Quick Takes: SUNY Chancellor Possibilities, 2-Year Salary Freeze at Bowdoin, Tech Transfer Data, Adding Sports to Add Students, Walden Cited in U.S. Audit

January 27, 2009
  • The State University of New York may be on the verge of getting a permanent chancellor for the first time since May 2007. The Albany Times Union reported that there are two finalists: Nancy Zimpher, president of the University of Cincinnati, and Muriel Howard, president of SUNY's Buffalo State College. A decision could come as early as today, the newspaper said, although it also noted that in September, it appeared that the search was about to conclude.
  • While many colleges are announcing salary freezes to deal with the economic downturn, Bowdoin College has announced a plan -- not yet final -- to freeze faculty and most staff salaries for two years. "Our salary structure is important to attract and retain the best and the brightest faculty and staff. That being said, salaries and benefits comprise more than 60 percent of our total operating costs," said Barry Mills, the president, in a letter to the campus. He noted that one goal of the two-year freeze was to try to avoid layoffs. After the two-year freeze, he said he was "committed to allocating budget resources to gradually restore any ground that may have been lost in the competitiveness of our faculty salaries during the suspension period. However, given what we read in the press about other colleges and universities, it is not likely that we will find ourselves significantly disadvantaged in faculty salaries relative to our peers over this period." The college is also trying to hold other spending levels, and plans a very slight increase in enrollment.
  • During fiscal 2007, technology transfer involving higher education resulted in 686 new products and 555 start-up companies -- not to mention millions in licensing fees to colleges and universities, according to a new report from the Association of University Technology Managers.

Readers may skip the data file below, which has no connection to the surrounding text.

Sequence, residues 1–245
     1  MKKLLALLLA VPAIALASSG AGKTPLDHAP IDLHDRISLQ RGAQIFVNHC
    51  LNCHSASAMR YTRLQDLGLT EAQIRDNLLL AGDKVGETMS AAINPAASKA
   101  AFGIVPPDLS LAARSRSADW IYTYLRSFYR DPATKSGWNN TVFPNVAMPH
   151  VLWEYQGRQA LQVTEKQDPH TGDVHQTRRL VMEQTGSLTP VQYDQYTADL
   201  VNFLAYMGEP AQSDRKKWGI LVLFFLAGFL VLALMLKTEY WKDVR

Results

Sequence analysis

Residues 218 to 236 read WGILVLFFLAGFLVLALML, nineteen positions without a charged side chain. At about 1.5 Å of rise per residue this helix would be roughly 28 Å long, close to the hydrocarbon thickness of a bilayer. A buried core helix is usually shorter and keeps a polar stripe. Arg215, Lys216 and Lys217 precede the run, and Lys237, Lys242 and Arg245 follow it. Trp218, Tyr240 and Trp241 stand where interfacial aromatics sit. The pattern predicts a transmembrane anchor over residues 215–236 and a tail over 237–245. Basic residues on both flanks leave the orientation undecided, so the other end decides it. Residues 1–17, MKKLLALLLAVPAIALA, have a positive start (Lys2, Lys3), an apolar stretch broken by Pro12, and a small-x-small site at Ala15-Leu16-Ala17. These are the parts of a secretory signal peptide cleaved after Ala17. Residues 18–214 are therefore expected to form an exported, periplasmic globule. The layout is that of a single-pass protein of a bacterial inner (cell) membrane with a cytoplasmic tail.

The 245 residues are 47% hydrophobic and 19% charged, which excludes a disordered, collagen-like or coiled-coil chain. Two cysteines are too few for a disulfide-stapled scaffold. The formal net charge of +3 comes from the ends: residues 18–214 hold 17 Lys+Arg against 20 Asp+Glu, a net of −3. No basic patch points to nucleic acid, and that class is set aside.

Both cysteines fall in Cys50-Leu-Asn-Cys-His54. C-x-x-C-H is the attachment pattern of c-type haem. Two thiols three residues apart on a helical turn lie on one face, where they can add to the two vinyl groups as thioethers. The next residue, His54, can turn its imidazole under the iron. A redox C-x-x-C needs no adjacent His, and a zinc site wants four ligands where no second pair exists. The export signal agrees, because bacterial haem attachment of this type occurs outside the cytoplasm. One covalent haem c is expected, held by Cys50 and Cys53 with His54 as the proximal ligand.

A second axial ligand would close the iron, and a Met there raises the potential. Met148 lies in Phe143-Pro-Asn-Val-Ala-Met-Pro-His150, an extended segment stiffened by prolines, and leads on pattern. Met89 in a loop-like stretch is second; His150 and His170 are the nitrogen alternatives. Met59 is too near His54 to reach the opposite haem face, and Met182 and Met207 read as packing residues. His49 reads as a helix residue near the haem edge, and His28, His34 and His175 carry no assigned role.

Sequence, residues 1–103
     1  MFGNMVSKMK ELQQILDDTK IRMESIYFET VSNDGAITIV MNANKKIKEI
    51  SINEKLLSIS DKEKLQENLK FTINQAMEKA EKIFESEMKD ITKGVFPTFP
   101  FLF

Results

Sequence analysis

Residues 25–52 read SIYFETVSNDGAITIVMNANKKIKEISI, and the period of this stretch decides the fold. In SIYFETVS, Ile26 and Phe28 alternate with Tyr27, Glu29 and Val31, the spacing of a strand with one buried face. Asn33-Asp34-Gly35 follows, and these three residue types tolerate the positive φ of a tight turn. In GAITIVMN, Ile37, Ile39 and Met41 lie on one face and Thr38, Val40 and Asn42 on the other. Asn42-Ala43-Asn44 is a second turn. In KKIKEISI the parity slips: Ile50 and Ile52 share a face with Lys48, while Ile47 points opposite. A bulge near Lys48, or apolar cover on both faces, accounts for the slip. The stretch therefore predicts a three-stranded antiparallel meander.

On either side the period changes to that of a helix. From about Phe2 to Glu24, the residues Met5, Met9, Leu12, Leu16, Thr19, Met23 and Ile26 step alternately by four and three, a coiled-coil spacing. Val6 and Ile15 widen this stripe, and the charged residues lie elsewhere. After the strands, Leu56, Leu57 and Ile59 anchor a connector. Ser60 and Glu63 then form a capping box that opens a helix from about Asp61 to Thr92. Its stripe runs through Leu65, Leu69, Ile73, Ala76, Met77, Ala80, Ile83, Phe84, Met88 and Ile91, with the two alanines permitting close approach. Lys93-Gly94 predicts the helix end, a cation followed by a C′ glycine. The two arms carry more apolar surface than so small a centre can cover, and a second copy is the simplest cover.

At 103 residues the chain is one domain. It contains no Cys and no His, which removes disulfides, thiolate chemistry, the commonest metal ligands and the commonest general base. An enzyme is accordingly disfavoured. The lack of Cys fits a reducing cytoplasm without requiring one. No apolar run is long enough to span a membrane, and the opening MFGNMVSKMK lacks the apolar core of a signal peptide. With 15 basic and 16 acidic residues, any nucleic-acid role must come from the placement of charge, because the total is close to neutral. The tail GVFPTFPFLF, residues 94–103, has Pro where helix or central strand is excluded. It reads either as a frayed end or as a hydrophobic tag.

• Several small private colleges in Nebraska and elsewhere in the Midwest are adding athletic teams in part to boost enrollment. The Lincoln Journal Star reported on the additions of wrestling and women's swimming at Hastings College; cross country, track and field and volleyball at York College; bowling, men's golf and women's lacrosse at Dana College; and football at Dordt College, among others.
  • The U.S. Education Department's inspector general is recommending that the agency require Walden University to repay about $270,000 to lenders and the federal government for funds it mistakenly paid to students because of administrative errors in processing their financial aid information. The inspector general's office, in an audit it released last week, found that the for-profit graduate institution gave excessive loan funds to a mix of U.S. citizens and non-citizens, and that it had failed to ensure that the students were eligible for the aid they were requesting. The audit also suggests that the Education Department consider imposing fines on the institution.
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